Concert Review: Jake Bugg
Do you think we recognized the talent of brilliant, legendary musicians prior to the fame in their career? Did the few who first saw Nick Drake playing on a street corner in Paris have a suspicion of his brilliance? What about Johnny Cash or Neil Young? Is it possible to spot a rock ‘n’ roll legend…?
A little piece of history was made on Newport Music Hall’s stage last night, whether you were there to witness it or not. Jake Bugg hauled all the way from Nottingham, England, in the midst of his 2014 album tour, Shangri La, performing on behalf of CD102.5. This twenty-year-old-Brit is comparable to these legends I mentioned above — he just happened to be born sixty years later than the rest. Witnessing a young, rock ‘n’ roll luminary share his music was an enlightening experience, something I truly felt I would never experience.
In a white cotton t-shirt, blue jeans and tennis shoes, Jake Bugg was a modest kiddo. Without muttering one word to the crowd, Bugg played his sixteen song set before uttering his first words, “thank you,” to the audience. Halfway through his set, Bugg began playing his anthem, “Two Fingers.” The crowd hooted and hollered as Bugg began to sing “I drink to remember, I smoke to forget…” lyrics that I can’t help but foresee as becoming very iconic for the young musician. Bugg became everything he needed, wanted and could be when his guitar was in his hands. Very aggressive yet deliberate, there were moments when the audience forgot everything about his charming, English voice. Jaws dropped as Bugg contributed unique, picky guitar riffs in every track. He was very much in control of what he wanted to play and how he wanted to play it, and he got a reaction out of the audience within an instant. With Bugg’s guitar in his his hands, there was a comfort and power that rested in his hands and around his neck — a clear physical and mental extension for the singer/songwriter.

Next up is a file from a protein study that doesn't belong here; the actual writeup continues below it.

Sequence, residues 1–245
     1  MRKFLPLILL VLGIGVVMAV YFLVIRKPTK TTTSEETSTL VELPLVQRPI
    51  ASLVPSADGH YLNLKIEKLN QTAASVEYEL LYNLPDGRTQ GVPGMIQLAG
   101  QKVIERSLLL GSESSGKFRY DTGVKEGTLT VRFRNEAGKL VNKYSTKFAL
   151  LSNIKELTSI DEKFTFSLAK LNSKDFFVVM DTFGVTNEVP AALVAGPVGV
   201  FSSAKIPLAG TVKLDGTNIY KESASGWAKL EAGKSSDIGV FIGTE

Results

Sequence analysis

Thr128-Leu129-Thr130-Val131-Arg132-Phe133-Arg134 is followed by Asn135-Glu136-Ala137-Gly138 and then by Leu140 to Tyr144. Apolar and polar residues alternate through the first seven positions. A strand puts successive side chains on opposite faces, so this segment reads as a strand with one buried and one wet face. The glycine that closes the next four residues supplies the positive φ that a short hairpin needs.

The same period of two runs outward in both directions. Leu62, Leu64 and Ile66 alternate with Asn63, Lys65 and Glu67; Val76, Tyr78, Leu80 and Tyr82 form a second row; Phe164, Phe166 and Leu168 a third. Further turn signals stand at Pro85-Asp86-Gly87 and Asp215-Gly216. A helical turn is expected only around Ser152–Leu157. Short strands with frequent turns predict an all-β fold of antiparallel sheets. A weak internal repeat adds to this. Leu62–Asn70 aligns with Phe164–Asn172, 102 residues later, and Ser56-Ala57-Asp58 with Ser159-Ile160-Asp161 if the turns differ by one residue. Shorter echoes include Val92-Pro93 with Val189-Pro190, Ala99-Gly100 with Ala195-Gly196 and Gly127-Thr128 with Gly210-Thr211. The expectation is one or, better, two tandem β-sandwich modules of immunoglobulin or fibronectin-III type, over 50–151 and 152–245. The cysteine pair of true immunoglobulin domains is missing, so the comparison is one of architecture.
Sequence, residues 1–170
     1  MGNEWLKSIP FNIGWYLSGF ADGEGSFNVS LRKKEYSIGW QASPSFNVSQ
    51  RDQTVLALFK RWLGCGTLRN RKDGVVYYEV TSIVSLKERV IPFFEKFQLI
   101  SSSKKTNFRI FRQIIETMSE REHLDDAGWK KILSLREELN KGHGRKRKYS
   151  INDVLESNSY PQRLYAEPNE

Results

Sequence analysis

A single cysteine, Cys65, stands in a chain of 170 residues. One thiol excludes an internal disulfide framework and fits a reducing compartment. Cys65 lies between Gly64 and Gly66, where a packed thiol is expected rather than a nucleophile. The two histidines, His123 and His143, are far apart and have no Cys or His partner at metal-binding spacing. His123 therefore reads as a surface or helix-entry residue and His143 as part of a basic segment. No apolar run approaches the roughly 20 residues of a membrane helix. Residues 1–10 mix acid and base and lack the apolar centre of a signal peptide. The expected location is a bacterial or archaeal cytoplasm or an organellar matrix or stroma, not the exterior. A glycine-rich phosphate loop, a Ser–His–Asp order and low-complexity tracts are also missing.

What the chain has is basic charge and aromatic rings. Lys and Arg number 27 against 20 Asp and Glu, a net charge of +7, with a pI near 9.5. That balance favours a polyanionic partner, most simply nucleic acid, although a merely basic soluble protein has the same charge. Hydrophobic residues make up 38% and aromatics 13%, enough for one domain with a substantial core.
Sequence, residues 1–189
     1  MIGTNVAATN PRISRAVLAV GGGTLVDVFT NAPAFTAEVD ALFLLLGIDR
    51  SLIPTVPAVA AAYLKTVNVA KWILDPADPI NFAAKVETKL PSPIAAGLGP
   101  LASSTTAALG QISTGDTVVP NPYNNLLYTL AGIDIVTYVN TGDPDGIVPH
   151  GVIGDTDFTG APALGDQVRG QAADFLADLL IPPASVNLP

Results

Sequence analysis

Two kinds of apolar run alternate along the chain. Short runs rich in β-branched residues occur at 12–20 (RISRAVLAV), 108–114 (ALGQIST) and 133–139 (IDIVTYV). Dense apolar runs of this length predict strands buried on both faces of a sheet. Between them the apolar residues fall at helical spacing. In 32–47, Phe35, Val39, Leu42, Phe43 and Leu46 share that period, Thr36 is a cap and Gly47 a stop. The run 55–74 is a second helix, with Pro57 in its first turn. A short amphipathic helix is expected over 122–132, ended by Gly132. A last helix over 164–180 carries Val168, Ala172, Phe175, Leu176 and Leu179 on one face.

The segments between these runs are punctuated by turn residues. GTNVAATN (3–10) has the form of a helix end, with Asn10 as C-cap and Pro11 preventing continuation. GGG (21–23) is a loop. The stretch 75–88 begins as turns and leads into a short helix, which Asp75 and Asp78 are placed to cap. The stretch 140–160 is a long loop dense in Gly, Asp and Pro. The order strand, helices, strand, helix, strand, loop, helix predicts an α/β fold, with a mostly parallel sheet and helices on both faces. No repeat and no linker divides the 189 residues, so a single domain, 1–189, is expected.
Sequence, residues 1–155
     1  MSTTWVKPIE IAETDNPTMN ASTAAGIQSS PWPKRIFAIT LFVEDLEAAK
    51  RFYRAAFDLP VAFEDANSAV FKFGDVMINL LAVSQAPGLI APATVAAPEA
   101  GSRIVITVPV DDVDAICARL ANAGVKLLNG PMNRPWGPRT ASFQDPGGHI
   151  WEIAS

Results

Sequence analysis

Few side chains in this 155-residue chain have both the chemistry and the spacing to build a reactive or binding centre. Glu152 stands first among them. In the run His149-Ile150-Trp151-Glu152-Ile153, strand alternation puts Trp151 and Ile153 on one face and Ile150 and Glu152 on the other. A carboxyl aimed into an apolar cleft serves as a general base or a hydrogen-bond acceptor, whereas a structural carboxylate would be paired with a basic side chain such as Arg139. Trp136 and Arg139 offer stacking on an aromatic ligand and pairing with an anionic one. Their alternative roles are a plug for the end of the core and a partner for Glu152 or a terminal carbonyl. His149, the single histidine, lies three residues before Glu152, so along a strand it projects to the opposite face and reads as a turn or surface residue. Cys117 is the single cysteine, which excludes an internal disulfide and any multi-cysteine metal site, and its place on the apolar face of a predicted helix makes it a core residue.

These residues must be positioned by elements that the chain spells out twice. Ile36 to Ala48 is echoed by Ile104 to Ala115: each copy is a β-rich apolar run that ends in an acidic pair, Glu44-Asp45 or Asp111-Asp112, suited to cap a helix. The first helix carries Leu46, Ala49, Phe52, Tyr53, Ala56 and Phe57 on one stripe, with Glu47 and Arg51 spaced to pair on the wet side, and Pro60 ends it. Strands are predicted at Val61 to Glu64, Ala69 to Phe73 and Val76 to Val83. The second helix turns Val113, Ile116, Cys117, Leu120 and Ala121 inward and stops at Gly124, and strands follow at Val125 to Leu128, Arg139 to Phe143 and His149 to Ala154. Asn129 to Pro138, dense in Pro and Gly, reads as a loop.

With two albums released in two years, Bugg’s records carry extreme diversity from track-to-track. During the live performance, the rapid changing of my heart-rate made it clear to me how emotionally diverse this show was. The sweet, slow-tempo’d songs brought spectators hands to their chests, and hips to a sway, serenading us the songs of our Great Grandfathers. Immediately after the tear jerker, Bugg continued with “Taste it,” a gritty, bluesy guitar-heavy track, introducing the crowd to the scene of a hidden bar in the 1940s, where everyone is slamming whiskey and dancing suggestively. Bugg further tightens his hold around the audience as he plays out a love ballad, bringing all of the attention to the adoring women. His three song encore began with “Song About Love,” giving the crowd a moment of peace before the beast of a rock ‘n’ roll storm came through. As I watched the women fawn over young Jake Bugg, I realized I was fawning over young Jake Bugg. He’s a twenty year-old heartthrob.
If the entire show didn’t already solidify my feelings for Bugg, I further realized how much I appreciate him as a musician and young man after he began playing the opening acoustic riff for “My, My, Hey, Hey.” Bugg was playing classic Neil Young, and it sounded as much of his as it sounded Neil’s. With the crowd yelling the “my’s” and “hey’s” with Bugg, the show instantly became warm and intimate, exactly what may have been missing during his set earlier. Bugg related to audience very closely, and brought an artist that clearly inspires his writing right there on stage with him. Bugg closed out the night entirely with his single, “Lightening Bolt,” heals were being clicked and hips were being thrown. Bugg has much history to make, and it makes me blush to think I was a part of that last night.
Photo by Antonio Arellano.